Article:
Tsunami response cost city $330,000
The city's emergency response to Saturday's tsunami warning cost $330,000, but Mayor Mufi Hannemann said the expense was "fully justified."
Hannemann said the cost included overtime pay for police and firefighters and lost revenue from city facilities that were closed. He said city departments are analyzing their performance and will identify ways to improve their response.
"This warning served as an excellent preparation experience for whatever incidents we may have in the future, and such incidents can happen at any time," the mayor said.
The Pacific Tsunami Warning Center issued a tsunami advisory at 8:49 p.m. Friday after a powerful magnitude 8.8 earthquake struck Chile, causing widespread damage and leaving hundreds dead. The advisory was changed to a tsunami warning at 12:46 a.m. Saturday after officials determined that the earthquake did generate a tsunami.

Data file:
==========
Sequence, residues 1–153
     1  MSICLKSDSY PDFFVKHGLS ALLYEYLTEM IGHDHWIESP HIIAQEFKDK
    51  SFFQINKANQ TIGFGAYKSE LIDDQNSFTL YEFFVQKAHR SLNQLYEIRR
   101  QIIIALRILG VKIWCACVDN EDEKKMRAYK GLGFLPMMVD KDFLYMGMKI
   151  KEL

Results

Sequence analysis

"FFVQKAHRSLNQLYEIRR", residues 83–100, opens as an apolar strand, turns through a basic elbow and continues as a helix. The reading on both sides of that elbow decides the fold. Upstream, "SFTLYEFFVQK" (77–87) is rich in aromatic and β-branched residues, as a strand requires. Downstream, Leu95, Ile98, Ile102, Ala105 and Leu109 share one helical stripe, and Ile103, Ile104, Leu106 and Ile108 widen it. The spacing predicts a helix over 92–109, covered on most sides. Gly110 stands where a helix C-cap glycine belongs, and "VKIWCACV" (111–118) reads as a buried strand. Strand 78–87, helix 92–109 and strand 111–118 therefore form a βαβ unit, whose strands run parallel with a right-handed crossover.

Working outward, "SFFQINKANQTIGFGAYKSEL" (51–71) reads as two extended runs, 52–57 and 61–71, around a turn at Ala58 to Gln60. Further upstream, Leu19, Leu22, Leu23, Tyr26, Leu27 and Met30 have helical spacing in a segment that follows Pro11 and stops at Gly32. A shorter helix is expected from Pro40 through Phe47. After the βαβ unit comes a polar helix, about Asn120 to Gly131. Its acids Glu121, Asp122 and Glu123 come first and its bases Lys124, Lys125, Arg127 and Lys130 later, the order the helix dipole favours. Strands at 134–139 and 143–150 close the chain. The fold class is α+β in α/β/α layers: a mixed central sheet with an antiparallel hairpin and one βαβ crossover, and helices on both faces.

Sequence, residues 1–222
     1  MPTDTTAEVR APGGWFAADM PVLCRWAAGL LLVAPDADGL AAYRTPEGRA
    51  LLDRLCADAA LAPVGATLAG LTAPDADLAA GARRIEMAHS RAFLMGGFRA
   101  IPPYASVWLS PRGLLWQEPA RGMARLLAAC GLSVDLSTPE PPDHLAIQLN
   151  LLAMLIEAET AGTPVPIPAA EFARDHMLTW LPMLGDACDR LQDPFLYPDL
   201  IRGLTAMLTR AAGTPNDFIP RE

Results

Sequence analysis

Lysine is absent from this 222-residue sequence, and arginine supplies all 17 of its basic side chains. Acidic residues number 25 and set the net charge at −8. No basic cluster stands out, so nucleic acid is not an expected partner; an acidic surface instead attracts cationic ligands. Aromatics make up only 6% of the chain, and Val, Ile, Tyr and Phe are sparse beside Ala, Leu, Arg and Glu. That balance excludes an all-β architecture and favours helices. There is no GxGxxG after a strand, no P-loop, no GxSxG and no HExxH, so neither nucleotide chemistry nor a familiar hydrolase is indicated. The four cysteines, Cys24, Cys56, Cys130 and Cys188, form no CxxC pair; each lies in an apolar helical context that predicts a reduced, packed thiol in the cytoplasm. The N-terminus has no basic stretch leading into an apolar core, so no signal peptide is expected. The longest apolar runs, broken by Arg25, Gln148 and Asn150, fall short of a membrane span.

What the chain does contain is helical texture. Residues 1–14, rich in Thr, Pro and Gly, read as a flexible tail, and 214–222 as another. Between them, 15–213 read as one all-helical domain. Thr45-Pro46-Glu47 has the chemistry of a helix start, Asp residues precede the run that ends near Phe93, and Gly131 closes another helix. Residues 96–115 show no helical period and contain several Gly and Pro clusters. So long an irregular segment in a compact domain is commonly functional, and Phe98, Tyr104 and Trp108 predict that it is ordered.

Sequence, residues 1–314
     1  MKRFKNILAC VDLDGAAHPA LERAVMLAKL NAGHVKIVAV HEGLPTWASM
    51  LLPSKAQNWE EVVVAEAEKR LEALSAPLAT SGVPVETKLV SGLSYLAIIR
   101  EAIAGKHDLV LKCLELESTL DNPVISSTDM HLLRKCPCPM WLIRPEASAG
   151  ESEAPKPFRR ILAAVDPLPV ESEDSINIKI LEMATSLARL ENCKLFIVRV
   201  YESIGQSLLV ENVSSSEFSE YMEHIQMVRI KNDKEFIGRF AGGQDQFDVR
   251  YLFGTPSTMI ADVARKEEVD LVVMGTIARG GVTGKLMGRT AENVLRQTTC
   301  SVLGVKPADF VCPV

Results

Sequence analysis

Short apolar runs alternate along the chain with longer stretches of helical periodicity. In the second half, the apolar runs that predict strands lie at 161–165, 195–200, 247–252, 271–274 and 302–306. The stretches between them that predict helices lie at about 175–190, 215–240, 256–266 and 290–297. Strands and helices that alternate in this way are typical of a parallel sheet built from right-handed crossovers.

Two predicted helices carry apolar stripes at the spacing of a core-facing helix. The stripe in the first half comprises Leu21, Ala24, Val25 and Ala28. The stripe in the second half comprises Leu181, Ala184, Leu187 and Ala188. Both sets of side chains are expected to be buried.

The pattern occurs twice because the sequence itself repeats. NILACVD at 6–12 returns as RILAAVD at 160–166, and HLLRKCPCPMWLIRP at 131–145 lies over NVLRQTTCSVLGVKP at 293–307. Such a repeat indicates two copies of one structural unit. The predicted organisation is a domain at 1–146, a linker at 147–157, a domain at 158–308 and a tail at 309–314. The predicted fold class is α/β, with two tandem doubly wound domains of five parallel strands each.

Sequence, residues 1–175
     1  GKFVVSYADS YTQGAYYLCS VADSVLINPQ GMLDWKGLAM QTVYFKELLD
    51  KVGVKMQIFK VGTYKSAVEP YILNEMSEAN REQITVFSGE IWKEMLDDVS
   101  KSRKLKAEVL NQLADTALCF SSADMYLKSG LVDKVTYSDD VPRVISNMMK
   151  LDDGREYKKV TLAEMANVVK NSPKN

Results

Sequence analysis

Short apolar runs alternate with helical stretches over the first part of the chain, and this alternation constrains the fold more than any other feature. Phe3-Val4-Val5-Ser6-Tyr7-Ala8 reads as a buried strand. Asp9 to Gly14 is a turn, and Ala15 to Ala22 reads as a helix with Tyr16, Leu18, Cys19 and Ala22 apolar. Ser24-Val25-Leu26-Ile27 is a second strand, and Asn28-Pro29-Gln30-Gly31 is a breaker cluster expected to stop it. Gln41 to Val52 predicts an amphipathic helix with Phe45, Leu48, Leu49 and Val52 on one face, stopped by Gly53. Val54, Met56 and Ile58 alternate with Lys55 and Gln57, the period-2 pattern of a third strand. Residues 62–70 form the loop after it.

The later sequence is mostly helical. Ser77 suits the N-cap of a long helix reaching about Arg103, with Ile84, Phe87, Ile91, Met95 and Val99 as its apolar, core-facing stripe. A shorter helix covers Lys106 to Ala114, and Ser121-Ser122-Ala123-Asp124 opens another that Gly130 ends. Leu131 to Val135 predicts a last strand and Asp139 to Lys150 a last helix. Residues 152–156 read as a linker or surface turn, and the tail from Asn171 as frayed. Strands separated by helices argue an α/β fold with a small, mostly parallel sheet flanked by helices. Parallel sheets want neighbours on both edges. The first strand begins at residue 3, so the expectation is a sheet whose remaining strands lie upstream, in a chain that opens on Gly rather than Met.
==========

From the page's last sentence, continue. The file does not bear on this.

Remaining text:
At 9:14 p.m. Friday, the city's Emergency Operating Center was activated and remained open through the next day until the danger had passed. Hannemann was in Washington, D.C., for a meeting with federal transit officials, but said he received updates on the situation here.
"It was well worth it, given the excellent response we had," Hannemann said about the expense. "The human and financial costs of failing to prepare for and respond effectively to a natural disaster such as a tsunami would be horrendous."
Tsunami waves did reach the Islands, but did not cause any significant damage.
A spokesman for the governor's office said the cost of Saturday's tsunami response to the state was not readily available.